Dei'ah veDibur - Information & Insight

A Window into the Chareidi World

26 Nisan 5768 - May 1, 2008 | Mordecai Plaut, director Published Weekly










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Shema Yisrael Torah Network
Shema Yisrael Torah Network











Remaining Damascus Jews Hold Seder in City's Only Active Shul

by Yated Ne'eman Staff

An AP reporter visiting Damascus during Pesach met the last remaining members of the only surviving kehilloh in the Syrian capital after the late President Hafez Assad permitted Jews to leave the country in 1992. Seven mispallelim at Beit Knesset Al-Feranj, located in the city's ancient Jewish quarter, told the reporter they feel no religious discrimination.

One of the leaders of the Syrian Jewish community, Albert Qameo, 59, who has been organizing the tefillos since the local rov left the country in 1994, said that during the past 16 years 3,700 Jews have relocated to Eretz Yisroel and the US, but says he has no intention of leaving. "Here I was born and studied, and here is where I work. Also, we have an obligation to preserve our holy sites in the country."

Another worshiper, 41-year-old Yosef Hamdani, says the hostile relations between Syria and Israel have no effect on the authorities' stance toward Syrian Jews. "I'm on good terms with my Muslim neighbors," he said. "I don't feel I'm treated differently."

According to estimates, the Syrian Jewish community currently numbers 100. Most live in Damascus, with small pockets of Jews in the northern city of Aleppo (Halab) and the northeastern city of Qamishli, near the Turkish border.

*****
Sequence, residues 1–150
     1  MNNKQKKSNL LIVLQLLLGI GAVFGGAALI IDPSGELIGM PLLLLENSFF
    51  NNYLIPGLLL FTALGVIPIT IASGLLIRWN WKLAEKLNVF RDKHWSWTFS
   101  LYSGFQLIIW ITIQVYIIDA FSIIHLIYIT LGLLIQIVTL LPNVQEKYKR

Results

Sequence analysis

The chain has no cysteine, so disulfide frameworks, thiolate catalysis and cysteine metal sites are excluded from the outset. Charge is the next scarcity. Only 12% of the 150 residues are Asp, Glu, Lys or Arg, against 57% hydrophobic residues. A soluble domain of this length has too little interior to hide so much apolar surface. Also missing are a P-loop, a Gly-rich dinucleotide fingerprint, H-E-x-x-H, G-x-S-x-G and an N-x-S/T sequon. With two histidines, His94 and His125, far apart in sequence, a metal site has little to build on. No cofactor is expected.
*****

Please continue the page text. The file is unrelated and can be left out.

The Syrian Jewish community, once the largest and most influential in the Middle East, was probably founded after Churban Bayis Rishon and has had a continuous Jewish presence ever since then. Numerous Spanish Jews arrived following the Expulsion in 1492. The status of Syrian Jews was worse than in other Muslim countries. In 1840 major pogroms were held following the Damascus Libel. With the start of the large Arab uprising in Eretz Yisroel in 1936, Syrian Jews, suspected of being Zionists, began to suffer extensive persecution. In 1943 Syria had a Jewish population of 30,000. After the 1947 UN decision to establish the State of Israel, the Jews came under attack, especially in Aleppo and Damascus, and much of their property was burned or destroyed. Most of the Jews fled in the following years of the few thousand who remained most escaped by the skin of their teeth in the early 1990s.


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